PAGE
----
4 kayak parties rescued
Cold, high water causes weekend havoc on the Virgin River in Zions National Park.
By Brett Prettyman The Salt Lake Tribune
The North Fork of the Virgin River was closed to whitewater boating Monday after four kayaking parties were rescued over the weekend in the Zion Narrows. Zion National Park officials reported that four of five boating groups with backcountry permits and plans for one-day trips ended up spending one or more nights in the Narrows because of high water this weekend. Two of the parties lost boats and needed help to get out of the canyon. One kayaker was washed under a log jam, but escaped the craft, which was lost downstream. He spent two nights in the Narrows before being rescued by another boating group. Two stranded kayakers tried to climb out of the Narrows, but were only able to climb 800 feet above the river. They were eventually rescued when a helicopter from Grand Canyon National Park was called.
Shannon Marcak, public information officer for the Grand Canyon National Park, confirmed that a helicopter was dispatched shortly after 4 p.m. on Sunday. "They were actually able to land near the hikers. ... They loaded them up and flew them down to the valley floor," Marcak said. The kayakers apparently were not injured. "We had two rescuers on our helicopter but no mention was made to me that they needed medical attention," she added. Grand Canyon performs, on average, four helicopter rescues in southern Utah every year, according to Marcak.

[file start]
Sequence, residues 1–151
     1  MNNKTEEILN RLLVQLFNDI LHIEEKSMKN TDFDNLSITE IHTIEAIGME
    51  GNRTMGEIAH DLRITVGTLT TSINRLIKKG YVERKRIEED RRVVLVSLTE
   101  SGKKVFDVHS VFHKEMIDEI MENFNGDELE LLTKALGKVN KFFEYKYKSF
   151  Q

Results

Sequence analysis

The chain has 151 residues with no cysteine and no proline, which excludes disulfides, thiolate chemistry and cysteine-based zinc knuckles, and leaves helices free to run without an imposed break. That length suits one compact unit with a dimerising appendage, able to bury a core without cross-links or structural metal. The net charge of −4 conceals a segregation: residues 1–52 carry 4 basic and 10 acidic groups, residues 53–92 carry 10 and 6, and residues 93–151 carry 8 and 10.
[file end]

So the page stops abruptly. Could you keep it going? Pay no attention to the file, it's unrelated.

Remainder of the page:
Jock Whitworth, superintendent of Zion, temporarily closed the Narrows to boating while the cause of the mishaps is evaluated to determine "why so many boaters underestimated the difficulty of the route," said a news release from the national park. "Rescue in the Narrows, or in Zion National Park, is never guaranteed. Rescue in the Narrows, if possible at all, will be significantly delayed due to the inherent dangers and risk to rescuers' safety."
Paul Tanner of Salt Lake City was planning to run the Narrows on Friday, but ended up putting in the river downstream. "I am bummed that I didn't get to float it, but it is probably better that some of the other [inexperienced] people in my group weren't on the river," he said. Zion officials also are checking on why an unusually high number of permits was requested for the April 24-26 weekend. A backcountry permit is required to kayak the North Fork of the Virgin River, which is only high enough to float during spring runoff. "The basic fact is kayaking is a sport not without consequences for the ill prepared or the inexperienced," said Gordon Stam, president of the Utah Whitewater Club. "You have to really assess the conditions and your experience and if you decide not to err on the side of caution you have got to be willing to accept the consequences."
According to Zion officials, the Narrows are rated Class V on the American version of the International Scale of River Difficulty. Class V water is classified as "expert" with "large unavoidable waves and holes or steep, congested chutes with complex, demanding routes." Stam said varying flows of spring runoff can change the danger level of any river in a short period of time. "Conditions change and things get more dangerous or sometimes easier," he said. "There is also the added issue that it is cold this time of year and the sun rarely reaches the Narrows. That is not a good combination of things when you get in trouble."